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On August 6, 2013, a decision by the United States Court of Appeals for the Third Circuit held that the federal district courts hold exclusive jurisdiction over Resource Conservation and Recovery Act (RCRA) claims. In Litgo New Jersey, Inc. v. Commissioner New Jersey Department of Environmental Protection, __ F.3d __ (3d Cir. 2013), the Third Circuit reviewed a District Court’s decision allocating responsibility and clean-up costs for a contaminated site under the Comprehensive Environmental Response, Compensation, and Liability Act (CERCLA), the New Jersey Spill Compensation and Control Act (Spill Act), and RCRA. While the court’s discussion of CERCLA and the Spill Act confirmed prior interpretations, the court’s holding concerning the RCRA created new precedent in the Third Circuit.
Under RCRA, a “citizen suit” can be brought against an individual or organization that is contributing or has contributed to the handling or disposing of waste, which “may present an imminent and substantial endangerment to health or the environment.” 42 U.S.C. § 6972(a)(1)(B). RCRA further states that any action against alleged polluters “shall be brought in the district court for the district in which the alleged violation occurred or the alleged endangerment may occur.” 42 U.S.C. § 6972(a) (emphasis added). RCRA also authorizes suits against the Administrator of the Environmental Protection Agency (EPA) in certain situations. Such an action “may be brought in the district court for the district in which the alleged violation occurred or in the District Court of the District of Columbia.” 42 U.S.C. § 6972(a).
The District Court sitting in the District of New Jersey held that under the New Jersey entire controversy doctrine, which requires that all related claims be brought in a single action, a RCRA claim is barred in federal court when it is not raised in an earlier state court proceeding concerning the subject contamination. On appeal, the Third Circuit disagreed with the District Court’s ruling and held that RCRA granted exclusive jurisdiction to the federal district courts. Thus, the New Jersey entire controversy doctrine does not apply and a RCRA claim can be brought in federal court even if it was omitted in a prior state court case.
In reaching its decision, the Third Circuit looked to the language of the statute and found that, because Congress instructed that claims “shall be brought in the District Court,” the claimants had no choice but to do so. Correspondingly, RCRA claims could not be brought in state court. In the majority opinion, the Court reasoned that the usual presumption in favor of concurrent state court jurisdiction is rebutted when Congress clearly intends for federal courts to have exclusive jurisdiction, as it did in RCRA. The Court distinguished the Supreme Court’s holding in Yellow Freight, in which the court analyzed similar language under Title VII of the Civil Rights Act of 1964, to allow concurrent jurisdiction. See Yellow Freight Systems, Inc. v. Donnelly, 494 U.S. at 820; see also 42 U.S.C. § 2000e-5(f)(3) (“Each United States district court and each United States court of a place subject to the jurisdiction of the United States shall have jurisdiction of actions brought under this subchapter.”). In that instance, the court found that, under Title VII, Congress merely granted authority to federal courts to hear claims and did not oust state courts from hearing claims of this nature. Conversely, under RCRA, Congress vested exclusive authority to hear RCRA to the federal district courts.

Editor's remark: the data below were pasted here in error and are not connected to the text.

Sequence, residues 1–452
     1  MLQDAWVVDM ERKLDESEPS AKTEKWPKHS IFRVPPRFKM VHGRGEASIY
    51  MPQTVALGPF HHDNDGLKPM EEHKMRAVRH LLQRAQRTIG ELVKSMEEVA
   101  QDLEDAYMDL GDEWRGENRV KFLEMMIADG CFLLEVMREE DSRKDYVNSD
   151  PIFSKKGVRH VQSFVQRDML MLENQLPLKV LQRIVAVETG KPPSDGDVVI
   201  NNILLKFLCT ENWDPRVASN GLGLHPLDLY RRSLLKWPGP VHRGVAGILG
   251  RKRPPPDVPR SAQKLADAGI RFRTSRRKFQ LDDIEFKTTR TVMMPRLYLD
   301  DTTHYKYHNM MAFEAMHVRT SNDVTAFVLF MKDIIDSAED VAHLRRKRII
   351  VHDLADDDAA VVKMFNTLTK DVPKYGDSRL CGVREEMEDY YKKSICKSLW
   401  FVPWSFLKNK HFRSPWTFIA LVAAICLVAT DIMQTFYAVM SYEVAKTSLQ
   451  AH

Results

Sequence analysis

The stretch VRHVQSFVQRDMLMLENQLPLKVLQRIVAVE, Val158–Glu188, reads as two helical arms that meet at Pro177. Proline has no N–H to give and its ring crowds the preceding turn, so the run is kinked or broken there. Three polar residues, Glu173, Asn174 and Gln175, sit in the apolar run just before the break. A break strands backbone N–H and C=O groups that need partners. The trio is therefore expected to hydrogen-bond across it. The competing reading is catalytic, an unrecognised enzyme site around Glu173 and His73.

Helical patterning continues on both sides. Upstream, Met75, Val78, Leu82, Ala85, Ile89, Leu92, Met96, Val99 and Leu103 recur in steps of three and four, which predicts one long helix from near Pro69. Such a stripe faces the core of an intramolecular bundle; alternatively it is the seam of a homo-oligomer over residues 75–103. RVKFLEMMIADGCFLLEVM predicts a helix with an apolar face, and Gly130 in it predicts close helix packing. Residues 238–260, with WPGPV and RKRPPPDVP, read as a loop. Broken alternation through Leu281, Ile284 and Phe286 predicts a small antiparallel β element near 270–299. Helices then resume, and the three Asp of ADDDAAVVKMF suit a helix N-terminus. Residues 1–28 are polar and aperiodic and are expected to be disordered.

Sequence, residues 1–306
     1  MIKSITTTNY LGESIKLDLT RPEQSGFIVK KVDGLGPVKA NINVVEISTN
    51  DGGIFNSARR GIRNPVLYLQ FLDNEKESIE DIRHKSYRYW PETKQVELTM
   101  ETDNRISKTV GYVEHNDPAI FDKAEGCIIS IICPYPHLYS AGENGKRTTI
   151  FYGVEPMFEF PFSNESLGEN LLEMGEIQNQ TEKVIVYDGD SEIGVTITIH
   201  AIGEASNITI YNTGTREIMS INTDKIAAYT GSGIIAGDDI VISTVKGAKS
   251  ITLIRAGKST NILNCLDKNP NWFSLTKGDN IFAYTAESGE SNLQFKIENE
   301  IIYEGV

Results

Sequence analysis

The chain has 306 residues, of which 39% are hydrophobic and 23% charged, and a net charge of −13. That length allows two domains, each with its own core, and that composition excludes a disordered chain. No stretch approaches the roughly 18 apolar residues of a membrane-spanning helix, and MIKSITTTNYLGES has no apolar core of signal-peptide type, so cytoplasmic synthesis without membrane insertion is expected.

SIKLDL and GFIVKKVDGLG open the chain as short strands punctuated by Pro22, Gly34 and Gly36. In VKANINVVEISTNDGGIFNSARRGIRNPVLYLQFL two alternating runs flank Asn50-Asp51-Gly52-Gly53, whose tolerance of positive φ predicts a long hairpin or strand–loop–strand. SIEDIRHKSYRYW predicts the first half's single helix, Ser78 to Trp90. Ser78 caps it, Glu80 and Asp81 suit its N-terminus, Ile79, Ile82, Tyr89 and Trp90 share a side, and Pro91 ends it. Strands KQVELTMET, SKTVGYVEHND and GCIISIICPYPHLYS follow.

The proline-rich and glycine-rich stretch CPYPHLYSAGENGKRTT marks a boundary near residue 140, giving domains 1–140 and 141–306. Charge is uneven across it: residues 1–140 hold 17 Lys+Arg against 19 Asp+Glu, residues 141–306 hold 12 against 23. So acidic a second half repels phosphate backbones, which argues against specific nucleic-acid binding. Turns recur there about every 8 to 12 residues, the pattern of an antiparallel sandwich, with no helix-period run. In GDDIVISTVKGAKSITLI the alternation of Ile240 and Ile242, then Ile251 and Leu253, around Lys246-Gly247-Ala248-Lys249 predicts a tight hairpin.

The dissenting judges in Litgo argued that the United States Supreme Court has found dual jurisdiction between state and federal courts in RCRA claims and that the majority’s position contravened those prior holdings.
The attorneys at Lieberman & Blecher, P.C., who regularly assist clients with environmental issues that arise in the context of contamination under the Spill Act, CERCLA and RCRA, will be closely following the developments in this area of the law. Our attorneys, who are highly experienced in environmental litigation and remediation issues, have assisted many clients in cases involving RCRA and our attorneys are poised to address the impact of this recent decision in present and future cases.
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